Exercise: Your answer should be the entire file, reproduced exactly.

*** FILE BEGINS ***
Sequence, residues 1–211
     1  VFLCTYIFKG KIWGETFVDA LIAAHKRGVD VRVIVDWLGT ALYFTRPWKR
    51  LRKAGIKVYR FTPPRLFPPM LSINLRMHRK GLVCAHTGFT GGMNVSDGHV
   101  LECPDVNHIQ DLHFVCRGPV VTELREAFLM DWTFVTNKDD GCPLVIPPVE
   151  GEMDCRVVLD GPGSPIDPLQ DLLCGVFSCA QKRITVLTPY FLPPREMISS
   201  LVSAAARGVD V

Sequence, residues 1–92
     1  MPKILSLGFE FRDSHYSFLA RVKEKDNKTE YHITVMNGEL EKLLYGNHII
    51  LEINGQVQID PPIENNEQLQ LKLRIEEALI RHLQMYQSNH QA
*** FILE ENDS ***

Sequence, residues 1–211
     1  VFLCTYIFKG KIWGETFVDA LIAAHKRGVD VRVIVDWLGT ALYFTRPWKR
    51  LRKAGIKVYR FTPPRLFPPM LSINLRMHRK GLVCAHTGFT GGMNVSDGHV
   101  LECPDVNHIQ DLHFVCRGPV VTELREAFLM DWTFVTNKDD GCPLVIPPVE
   151  GEMDCRVVLD GPGSPIDPLQ DLLCGVFSCA QKRITVLTPY FLPPREMISS
   201  LVSAAARGVD V

Sequence, residues 1–92
     1  MPKILSLGFE FRDSHYSFLA RVKEKDNKTE YHITVMNGEL EKLLYGNHII
    51  LEINGQVQID PPIENNEQLQ LKLRIEEALI RHLQMYQSNH QA